- Reflection: this is like Generics, it'll certainly be done (once), but the System.Type reflection requires many systems to be in place, like a Type's table, and many runtime functions to make it happen
- an installer: this depends on Command line parsing (at least), but is fairly straight forward to be done
- many more...

Friday, June 7, 2013

Introduction to Code Refractor CIL to Native AOT

Welcome to CodeRefractor, an experimental project which compiles MSIL/CIL opcodes to C++ and after this it automatically generates a native (binary) version of the code.

The idea of using this convertor is to make possible that the MSIL code to run on machines that do not have Mono or .Net codes and is using as much as possible C++ paradigms.

Some questions I think that may occur for an interested reader and their answers

Is CodeRefractor a code-translator?
By a code-translator meaning that it translates the operation opcodes to C++ directly. The exact answer is no, it is a full compiler which uses an intermediary representation.

In a very brief steps the code, CodeRefractor does the following:
- reads an .Net assembly using reflection
- starts from the entry point (Main method) and starts reading CIL bytecodes/operations
- these operations are rewritten in an intermediary representation
- the intermediary representation is (optionally) optimized which simplify simple expressions and redundancies
- the intermediary representation is written into C++
- a C++ compiler is invoked and is linked with a static library that have some simple operations made into it and generates the executable form

This native executable should behave as much as possible as the original .Net application.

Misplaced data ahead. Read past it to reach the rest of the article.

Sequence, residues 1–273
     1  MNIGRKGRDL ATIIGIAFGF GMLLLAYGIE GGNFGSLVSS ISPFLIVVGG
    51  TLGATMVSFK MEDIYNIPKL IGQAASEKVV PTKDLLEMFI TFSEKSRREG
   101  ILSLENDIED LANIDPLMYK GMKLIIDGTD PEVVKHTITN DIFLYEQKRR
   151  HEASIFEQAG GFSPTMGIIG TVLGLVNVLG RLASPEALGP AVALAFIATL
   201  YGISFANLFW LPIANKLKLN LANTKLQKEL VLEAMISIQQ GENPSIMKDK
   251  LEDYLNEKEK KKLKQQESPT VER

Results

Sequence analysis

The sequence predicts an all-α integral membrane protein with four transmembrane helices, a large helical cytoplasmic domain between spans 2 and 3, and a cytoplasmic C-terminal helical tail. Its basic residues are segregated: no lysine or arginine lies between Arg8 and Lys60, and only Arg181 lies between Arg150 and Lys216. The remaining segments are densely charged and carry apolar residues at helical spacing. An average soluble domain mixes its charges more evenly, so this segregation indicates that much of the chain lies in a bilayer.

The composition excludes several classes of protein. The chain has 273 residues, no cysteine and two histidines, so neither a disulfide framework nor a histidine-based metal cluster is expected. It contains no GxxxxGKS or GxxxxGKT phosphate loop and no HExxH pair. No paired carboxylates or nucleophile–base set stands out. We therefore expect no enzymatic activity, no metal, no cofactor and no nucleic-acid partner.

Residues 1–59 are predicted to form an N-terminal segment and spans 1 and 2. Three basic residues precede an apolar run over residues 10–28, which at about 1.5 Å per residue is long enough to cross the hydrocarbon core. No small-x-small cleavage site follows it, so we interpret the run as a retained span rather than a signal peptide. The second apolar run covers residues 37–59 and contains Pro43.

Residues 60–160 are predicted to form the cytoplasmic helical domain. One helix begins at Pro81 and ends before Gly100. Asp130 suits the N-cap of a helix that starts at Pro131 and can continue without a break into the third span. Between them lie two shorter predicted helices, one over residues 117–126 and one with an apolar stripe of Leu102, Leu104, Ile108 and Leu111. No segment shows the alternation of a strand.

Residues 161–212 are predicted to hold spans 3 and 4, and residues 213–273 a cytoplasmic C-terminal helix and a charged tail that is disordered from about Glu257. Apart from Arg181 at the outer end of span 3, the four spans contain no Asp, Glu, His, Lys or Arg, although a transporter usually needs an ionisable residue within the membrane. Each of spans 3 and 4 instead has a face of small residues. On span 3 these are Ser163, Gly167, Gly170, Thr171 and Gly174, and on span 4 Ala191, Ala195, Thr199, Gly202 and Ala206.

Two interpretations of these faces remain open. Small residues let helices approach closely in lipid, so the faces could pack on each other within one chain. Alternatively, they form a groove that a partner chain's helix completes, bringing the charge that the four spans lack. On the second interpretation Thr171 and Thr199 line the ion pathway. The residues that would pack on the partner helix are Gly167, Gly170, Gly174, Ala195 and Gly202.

Most similar projects that do similar design are mostly in Java world:
- Excelsior JET
- RoboVM
- Mono --full-aot mode

This project will not be able to generate a C++ version of any C# (or Boo, F#, etc.) language and some specifics will make it to behave different (like many times slower), but a program written with the consideration of the design of the CodeRefractor should run similarly with a C++ code (even is written in C#).

How will CR handle licenses to not break them?
CR will not scan any GAC assemblies (and system ones too) for instructions, but it will let the user to add their own replacement implementations. We recommend for users to not read code that the license does not allow them to scan it. We plan for this project to use as a "backup" the Mono's BCL implementation (the CIL bytecodes) when something is missing.

C++ has no GC. so how memory management is done?
The code is using smart pointers and it requires a C++ 11 compiler (to make sure that the compiler supports smartpointers). This also means that users have to care about memory cycles. So, as an easy way to break cycles for now is to set pointers to null. In future plans, weak pointers will be supported.

Does it support Generics, Linq, Reflection, method Math.Cos,  ... (put your feature here)?
No, it doesn't and some of the limitations will be fixed as the software evolves. We hope that feedback and help from community will address as many of these features as early as possible.

What does it work?
Hello world kind of samples, the most complex version is NBody benchmark. This means in short: classes, static and not static (non-virtual) methods, many primitive types operations, while/for loops, array types, fields (but not properties yet), constructors

Where is the project?
 You can study, read, contribute to it here. The license file is not yet written, but it is: GPL2+ for compiler and MIT/X11 for libraries. Or rephrased (for companies) anyone which want to use it is: you can use it commercially, but if you make changes in the compiler, you have to contribute them back. If you let the compiler as-is, you can make your changes in the libraries for all your needs. We are using basically the same license as Mono project.

Legal note: we are not endorsed nor we have any relation with Mono project or Microsoft.